The screenplay came from a memoir by John’s sister, Julia, so this rollercoaster of a story must be pretty authentic.       Great soundtrack too.   I learnt a lot from this film which went a long way to explaining what came afterwards.    Recommended.

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It has been a rich year in the arts in Scotland, although the  exceptional has remained elusive.

23 plays seen.    In Perth, the year kicked off with an excellent adaptation of Tam O Shanter, and took in the tour of Be Near Me.    With a good cast, Silver Darlings promised much but never quite produced a sum of its parts, which was a disappointment.       In Glasgow, at the Citizens, we enjoyed Ghosts, and a pre-Edinburgh festival production of a Rona Munro’s new play The Last Witch.   At the Tron, we liked That Face, and White Tea.    In Edinburgh, Gregory Burke’s latest play Hoors was not a patch on Black Watch, or Gagarin Way, but we liked The Dark Things a lot.     National Theatre of Scotland’s big autumn production of House of Bernara Alba was interesting, but just did not quite work.   For consistently good theatre in Scotland, Dundee Rep is punching way above its weight exemplified by a really excellent Who’s Afraid of Virginia Woolf ? which gets my best of the year vote.     There was also a very good production of The Elephant Man, directed by Jemima Levick  – the incoming assistant director, who also directed a touring production of Baby Baby (seen at Macrobert), which was enjoyable, but had rather weak material.   Dundee also put on a really special version of  A Christmas Carol.   Nationally, we enjoyed Ken Stott in a View from the Bridge when it came to Glasgow, Theatre de Complicite’s Shun Kin at the Barbican in London, and Inherit the Wind at the Old Vic.       We missed Sub Rosa, at the Citizens which was a pity.   

9 Operas.    RSAMD opera school continued to entertain with The Love of Three Oranges and the Tales of Hoffman.   Scottish Opera produced another set of five fifteen minute operas at Oran Mor, and will have a third set in May 2010.    Main house, Scottish Opera has had a good season with solid productions of Cosi, Manon, the Elixir of Love, and the Italian Girl in Algiers.    Concert performances of operas don’t do it for me usually, but there was a one performance only of I Puritani at Glasgow City Hall, which was outstanding.    We enjoyed the new opera Letters of a Love Betrayed which had one performance at The Traverse.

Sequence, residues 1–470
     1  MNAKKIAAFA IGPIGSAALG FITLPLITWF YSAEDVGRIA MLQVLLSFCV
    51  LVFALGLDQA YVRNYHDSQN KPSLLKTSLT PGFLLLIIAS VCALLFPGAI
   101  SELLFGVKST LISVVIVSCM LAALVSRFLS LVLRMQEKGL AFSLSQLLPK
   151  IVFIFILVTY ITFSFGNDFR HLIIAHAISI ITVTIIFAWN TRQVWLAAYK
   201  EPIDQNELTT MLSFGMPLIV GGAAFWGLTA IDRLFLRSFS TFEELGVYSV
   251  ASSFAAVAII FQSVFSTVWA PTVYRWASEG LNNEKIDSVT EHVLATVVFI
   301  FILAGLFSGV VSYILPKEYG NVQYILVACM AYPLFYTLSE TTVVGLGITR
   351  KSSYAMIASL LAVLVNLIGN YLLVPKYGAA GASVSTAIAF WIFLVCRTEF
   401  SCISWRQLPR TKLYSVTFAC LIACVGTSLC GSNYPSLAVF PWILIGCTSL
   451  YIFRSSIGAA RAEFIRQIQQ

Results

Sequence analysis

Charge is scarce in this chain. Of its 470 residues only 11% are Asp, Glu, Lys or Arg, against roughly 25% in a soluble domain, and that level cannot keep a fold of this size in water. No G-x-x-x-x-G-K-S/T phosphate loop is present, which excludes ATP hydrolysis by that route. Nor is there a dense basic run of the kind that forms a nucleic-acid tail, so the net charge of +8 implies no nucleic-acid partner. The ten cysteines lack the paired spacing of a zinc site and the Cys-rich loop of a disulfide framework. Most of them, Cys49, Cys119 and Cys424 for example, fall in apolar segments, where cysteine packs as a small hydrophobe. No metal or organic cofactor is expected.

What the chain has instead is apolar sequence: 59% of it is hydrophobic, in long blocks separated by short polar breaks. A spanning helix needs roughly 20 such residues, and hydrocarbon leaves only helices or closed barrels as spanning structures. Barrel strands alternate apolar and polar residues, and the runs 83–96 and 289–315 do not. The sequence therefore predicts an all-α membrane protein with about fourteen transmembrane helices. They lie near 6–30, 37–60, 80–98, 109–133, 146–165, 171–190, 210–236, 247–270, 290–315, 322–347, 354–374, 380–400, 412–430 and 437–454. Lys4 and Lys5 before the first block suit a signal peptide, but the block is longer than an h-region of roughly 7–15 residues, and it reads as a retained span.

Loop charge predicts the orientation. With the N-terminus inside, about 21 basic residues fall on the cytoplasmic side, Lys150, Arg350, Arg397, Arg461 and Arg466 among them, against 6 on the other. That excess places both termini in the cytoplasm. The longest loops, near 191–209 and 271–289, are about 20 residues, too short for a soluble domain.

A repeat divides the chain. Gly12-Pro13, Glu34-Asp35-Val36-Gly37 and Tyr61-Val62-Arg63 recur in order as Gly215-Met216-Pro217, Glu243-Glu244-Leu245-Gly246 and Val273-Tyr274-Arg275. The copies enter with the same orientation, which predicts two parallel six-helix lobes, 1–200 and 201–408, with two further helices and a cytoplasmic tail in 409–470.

We have been to quite a few Youth Orchestra Concerts this year, which we have enjoyed.   The Scottish Ensemble continue to tour with well thought out programmes and general excellence.   In Perth, we heard Theatre of Voices with Bang on a Can playing Steve Reich pieces and David Lang’s co-comissioned (Perth Concert Hall with Carnegie Hall in New York) Little Match Girl Passion.     But outstanding performance of 2009  was actually caught on holiday in Krakow where the Wroclaw Symphony Orchestra played a stunning Mahler 9.

We did not get to much by way of dance this year, but enjoyed Michael Marra and Frank McConnell’s Wee Home from Home – first performed 20 years ago , and revived by original director Gerry Mulgrew with new designs by Karen Tennant.

2009 was a memorable year for film, and we liked the genuinely unusual Slumdog Millionaire, the quirky 35 Shots of Rum, Katalin Varga’s smouldering revenge, Jane Campion’s Bright Star, Cannes winner White Ribbon, Andrea Arnold’s Fish Tank, and even Opera on the big screenCosi fan Tutti (Salzberg festival production).      I was less sure about Moon, the sci-fi film from Duncan Jones (David Bowie’s son).   An Education and Let The Right One In were special highlights.

We visted the Anish Kapoor exhibition in London – great dods of bright red wax being fired out of a cannon every 20 minutes  into a corner of a room – lots of other stuff too.   Highly entertaining.

2010 has some interesting things ‘coming soon’, and the New Year’s resolution is to write about them here in more detail.

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On the face of it, Tomas Alfredson’s Swedish film about two 12 year olds shouldn’t work, but it really does.    It is fairly disturbing.